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Six Months Later, Part I

It’s been almost six months to the day since my last entry, when I completed The Girl with All the Gifts by M.R. Carey. You might be pleased (surprised?) to learn I have enjoyed so many books since then. So many! I have finished fourteen books in the last six months, which — if you have followed this blog for any length of time — is a lot for me.

Audiobooks are pretty much my main jam these days, what with busy, painty, charcoal-smudged fingers and lots of driving being fairly big components of my life, but it’s all good. (Did you know that your brain recognizes content gathered via listening comprehension and reading comprehension the same way?)

Since I have so many books to review, and since I have Certain Feelings about so many of them, I am going to break this up into several entries, for my sake and yours.

Let’s get to the books!

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#3. The Fireman by Joe Hill

I received a signed copy of this in hardback novel form from my husband, Joe. It is proudly displayed on a bookshelf in my office, but I was nervous to carry it around town, so I downloaded the audiobook version of this on Overdrive and occasionally read some passages out of the book. It’s a doozy of a story: a wild epidemic sweeps across the United States, perhaps the whole world, which causes people to break out into “Dragonscale” markings all over their body. When agitated or panicked, the sufferer bursts into flame.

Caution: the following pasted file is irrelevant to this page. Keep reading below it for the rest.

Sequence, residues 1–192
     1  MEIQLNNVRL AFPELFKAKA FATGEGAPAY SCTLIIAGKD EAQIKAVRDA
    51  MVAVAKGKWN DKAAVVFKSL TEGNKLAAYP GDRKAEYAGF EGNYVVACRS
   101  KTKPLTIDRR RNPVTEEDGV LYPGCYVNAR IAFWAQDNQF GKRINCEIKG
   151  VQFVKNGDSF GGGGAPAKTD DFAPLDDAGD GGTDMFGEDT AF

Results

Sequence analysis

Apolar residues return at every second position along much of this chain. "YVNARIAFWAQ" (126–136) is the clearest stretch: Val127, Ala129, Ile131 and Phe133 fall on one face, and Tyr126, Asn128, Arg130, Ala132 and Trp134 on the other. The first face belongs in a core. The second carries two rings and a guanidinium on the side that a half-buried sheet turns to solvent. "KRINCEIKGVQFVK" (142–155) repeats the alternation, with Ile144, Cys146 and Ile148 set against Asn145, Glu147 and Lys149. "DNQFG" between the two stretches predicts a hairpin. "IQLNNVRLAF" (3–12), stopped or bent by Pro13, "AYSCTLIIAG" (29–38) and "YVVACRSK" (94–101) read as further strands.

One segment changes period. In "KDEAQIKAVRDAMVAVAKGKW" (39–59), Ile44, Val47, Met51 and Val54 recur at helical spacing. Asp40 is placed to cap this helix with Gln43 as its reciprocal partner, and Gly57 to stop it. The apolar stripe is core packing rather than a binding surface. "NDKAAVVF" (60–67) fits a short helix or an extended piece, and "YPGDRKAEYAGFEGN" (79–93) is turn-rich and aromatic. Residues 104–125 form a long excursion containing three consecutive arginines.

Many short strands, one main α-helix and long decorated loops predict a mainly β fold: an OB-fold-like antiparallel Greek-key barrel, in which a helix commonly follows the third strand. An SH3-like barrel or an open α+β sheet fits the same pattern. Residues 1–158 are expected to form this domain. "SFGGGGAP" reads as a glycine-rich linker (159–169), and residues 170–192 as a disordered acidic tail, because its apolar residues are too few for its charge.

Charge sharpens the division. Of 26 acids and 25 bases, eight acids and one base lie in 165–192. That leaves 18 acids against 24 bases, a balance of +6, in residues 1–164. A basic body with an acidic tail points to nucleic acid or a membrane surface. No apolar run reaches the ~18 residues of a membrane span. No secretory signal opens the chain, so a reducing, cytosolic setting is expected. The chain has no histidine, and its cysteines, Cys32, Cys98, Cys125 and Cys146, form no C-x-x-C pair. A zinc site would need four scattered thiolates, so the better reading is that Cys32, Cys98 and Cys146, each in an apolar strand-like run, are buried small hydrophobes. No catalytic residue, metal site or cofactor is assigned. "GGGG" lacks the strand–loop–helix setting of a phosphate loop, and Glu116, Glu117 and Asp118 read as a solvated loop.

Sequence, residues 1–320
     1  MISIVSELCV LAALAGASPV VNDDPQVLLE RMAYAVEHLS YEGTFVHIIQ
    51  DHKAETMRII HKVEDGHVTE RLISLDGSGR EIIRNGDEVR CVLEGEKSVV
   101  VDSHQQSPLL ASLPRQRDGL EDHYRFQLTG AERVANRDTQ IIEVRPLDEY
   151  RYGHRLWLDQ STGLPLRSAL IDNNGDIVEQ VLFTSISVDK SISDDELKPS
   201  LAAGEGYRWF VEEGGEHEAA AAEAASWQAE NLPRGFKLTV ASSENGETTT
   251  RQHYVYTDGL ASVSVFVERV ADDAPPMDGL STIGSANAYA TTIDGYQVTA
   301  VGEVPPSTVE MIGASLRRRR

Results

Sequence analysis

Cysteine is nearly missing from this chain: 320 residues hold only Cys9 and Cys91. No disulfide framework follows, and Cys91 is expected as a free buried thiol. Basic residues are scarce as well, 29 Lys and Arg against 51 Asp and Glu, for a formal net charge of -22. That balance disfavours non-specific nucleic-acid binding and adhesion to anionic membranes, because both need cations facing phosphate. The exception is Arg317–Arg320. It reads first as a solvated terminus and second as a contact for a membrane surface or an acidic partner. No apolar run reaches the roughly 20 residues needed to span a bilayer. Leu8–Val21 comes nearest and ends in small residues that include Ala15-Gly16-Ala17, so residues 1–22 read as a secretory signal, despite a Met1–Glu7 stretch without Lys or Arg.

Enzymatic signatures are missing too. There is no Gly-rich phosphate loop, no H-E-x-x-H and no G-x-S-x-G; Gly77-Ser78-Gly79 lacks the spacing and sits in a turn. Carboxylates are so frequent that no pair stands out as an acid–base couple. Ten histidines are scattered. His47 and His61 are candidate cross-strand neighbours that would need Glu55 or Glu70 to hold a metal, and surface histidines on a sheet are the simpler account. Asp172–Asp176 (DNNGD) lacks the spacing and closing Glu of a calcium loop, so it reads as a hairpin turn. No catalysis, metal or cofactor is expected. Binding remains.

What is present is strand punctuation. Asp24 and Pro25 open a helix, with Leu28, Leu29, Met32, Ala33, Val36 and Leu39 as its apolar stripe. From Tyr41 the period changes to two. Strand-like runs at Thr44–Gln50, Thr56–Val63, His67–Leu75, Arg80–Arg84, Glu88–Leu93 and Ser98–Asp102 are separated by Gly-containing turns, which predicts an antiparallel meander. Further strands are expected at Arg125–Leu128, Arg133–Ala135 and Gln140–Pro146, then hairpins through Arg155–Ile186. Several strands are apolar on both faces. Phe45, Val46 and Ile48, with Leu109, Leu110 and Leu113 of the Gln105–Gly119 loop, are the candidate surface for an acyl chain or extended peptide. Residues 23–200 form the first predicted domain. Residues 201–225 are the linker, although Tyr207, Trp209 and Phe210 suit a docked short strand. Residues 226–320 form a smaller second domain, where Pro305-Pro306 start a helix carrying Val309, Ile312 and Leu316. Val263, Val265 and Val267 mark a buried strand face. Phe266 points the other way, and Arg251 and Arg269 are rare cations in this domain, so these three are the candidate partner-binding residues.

We see this epidemic through the eyes of Harper Grayson, a school nurse obsessed with Mary Poppins and expecting her first child in the midst of what looks like the apocalypse. The first third of the book is riveting and epic, as we see how people are reacting to Dragonscale as it spreads. Apartment buildings burn to ash every other day, the Internet goes deep underground, and rabid radio hosts declare Dragonscale a biblical act of world-cleansing. Harper tries to stave off her own terror by caring for the infected as a nurse and humming cheerful songs to herself while her husband becomes unhinged with paranoia and dread. One night during a shift at the overwhelmed local hospital, Harper meets a man dressed as a fireman caring for a shy young boy. He seems to know more about the deadly spore causing the spontaneous combustion than he lets on, but nobody can survive its blaze…right?